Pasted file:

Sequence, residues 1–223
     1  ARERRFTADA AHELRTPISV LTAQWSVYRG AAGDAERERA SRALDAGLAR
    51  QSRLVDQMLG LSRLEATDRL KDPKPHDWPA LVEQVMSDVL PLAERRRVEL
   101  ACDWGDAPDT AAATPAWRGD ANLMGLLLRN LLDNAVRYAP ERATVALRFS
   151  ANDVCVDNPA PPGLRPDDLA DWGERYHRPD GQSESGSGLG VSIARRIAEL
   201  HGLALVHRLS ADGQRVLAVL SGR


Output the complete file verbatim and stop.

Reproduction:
Sequence, residues 1–223
     1  ARERRFTADA AHELRTPISV LTAQWSVYRG AAGDAERERA SRALDAGLAR
    51  QSRLVDQMLG LSRLEATDRL KDPKPHDWPA LVEQVMSDVL PLAERRRVEL
   101  ACDWGDAPDT AAATPAWRGD ANLMGLLLRN LLDNAVRYAP ERATVALRFS
   151  ANDVCVDNPA PPGLRPDDLA DWGERYHRPD GQSESGSGLG VSIARRIAEL
   201  HGLALVHRLS ADGQRVLAVL SGR